Sign Language and Interpreting
 

 

Sign Language and Interpreting

Contact Information
Program Coordinator: Connie Simmons | Phone: 615-353-3622 | E-mail: Connie.Simmons@nscc.edu
Division Office: D Building, D-15 | Phone: 615-353-3347
Division Dean: Dr. Charles deWitt | Phone: 615-353-3346 | E-mail: Charles.deWitt@nscc.edu

Associate of Arts (A.A.) and Associate of Science (A.S.) Degree Areas of Emphasis
Nashville State Community College offers the University Parallel Associate of Science (A.S.) Degree or Associate of Arts (A.A.) Degree with an area of emphasis in Sign Language and in Interpreting for students who will transfer to a four-year college or university. Associate of Science or Associate of Arts transfer degrees include 41 credit hours of required General Education Core courses, and 19 credit hours of recommended Area of Emphasis courses. A.A. and A.S. Degree areas of emphasis suggest the courses that are most likely to transfer, but are not guaranteed. It is always best to contact your selected transfer university as early as possible.

Interpreting
Sign Language

Please see the NSCC Catalog for more information about General Education Core Requirements, and the Sign Language and Interpreting A.A. and A.S. Degree Areas of Emphasis programs.

Transfer Information
A.A. and A.S. degree areas of emphasis suggest the courses that are most likely to transfer, but are not guaranteed. It is always best to contact the selected transfer college/university as early as possible, and consult a catalog from the transfer college/university.

Grading Policy for Sign Language and Interpreting Majors
A grade of "C" or above must be earned in all Sign Language and Interpreting courses prior to graduation. The student must receive a "C" or above in each Sign Language and Interpreting course in order to meet prerequisite requirements for subsequent courses.

Program Overview
Nashville State Community College is the only college throughout Middle and West Tennessee that offers a two-year degree in Sign Language and Interpreting for students who will transfer to a four-year college or university. After the year 2012, to become a certified interpreter candidate, students must complete a four-year degree. Nashville State's Sign Language and Interpreting program will prepare students to enter a baccalaureate program related to the field of deafness. The program will also provide individuals seeking fluency in the language and familiarity with the deaf culture with the training necessary to attain it. Classes are comprised of theory, practice, and critical thinking to allow students to better communicate with the deaf via a challenging but nurturing classroom environment.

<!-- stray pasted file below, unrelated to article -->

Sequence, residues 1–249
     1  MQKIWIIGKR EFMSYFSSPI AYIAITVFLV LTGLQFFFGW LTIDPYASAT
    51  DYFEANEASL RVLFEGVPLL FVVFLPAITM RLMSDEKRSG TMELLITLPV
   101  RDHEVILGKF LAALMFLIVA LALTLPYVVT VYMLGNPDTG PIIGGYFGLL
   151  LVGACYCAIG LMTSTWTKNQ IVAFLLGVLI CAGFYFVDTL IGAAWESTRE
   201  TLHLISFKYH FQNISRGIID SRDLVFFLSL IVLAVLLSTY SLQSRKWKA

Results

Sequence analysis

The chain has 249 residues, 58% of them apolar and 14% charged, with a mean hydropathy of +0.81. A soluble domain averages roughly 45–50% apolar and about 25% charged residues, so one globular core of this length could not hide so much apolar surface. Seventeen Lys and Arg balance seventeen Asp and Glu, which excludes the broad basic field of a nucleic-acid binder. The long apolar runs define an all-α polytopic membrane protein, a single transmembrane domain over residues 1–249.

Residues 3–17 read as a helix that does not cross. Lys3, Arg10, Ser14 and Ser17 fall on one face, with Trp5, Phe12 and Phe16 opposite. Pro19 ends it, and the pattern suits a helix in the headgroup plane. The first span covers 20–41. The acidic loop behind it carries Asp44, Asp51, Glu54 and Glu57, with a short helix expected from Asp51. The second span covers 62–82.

Program Goals
It is the intent that graduates of the Sign Language and Interpreting program are to be able to:

  • Demonstrate expressive and receptive competencies in American Sign Language for entry into a baccalaureate program.
  • Become familiar with the Deaf culture and various aspects related to the community and population.

Volunteering and Community Involvement in the Sign Language and Interpreting Programs
The Sign Language and Interpreting Programs have a strong emphasis upon community involvement for language development and cultural sensitivity. A typical class will require two event to be attended during the course of a semester.

Faculty & Staff Directory

See the NSCC Catalog for course requirements, descriptions and syllabi.

Check the current Class Schedule for course availability.

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Sign Language and Interpreting StudentComments from our Students

The interpreting program at Nashville State Community College prepared me to become an interpreter in ways that few places could. Each instructor is an expert and has spent long years in the field as well as being heavily involved in the deaf community in their private lives and they are so generous with their knowledge and time with students; always willing to answer a question or elaborate further outside of class. What is especially great is having deaf instructors to shed light on the culture and subtleties of the language. The program is very thorough and if a student is willing to apply himself or herself and work hard I can guarantee that that student will do well starting life as an interpreter in the real world.
—Frances Cunningham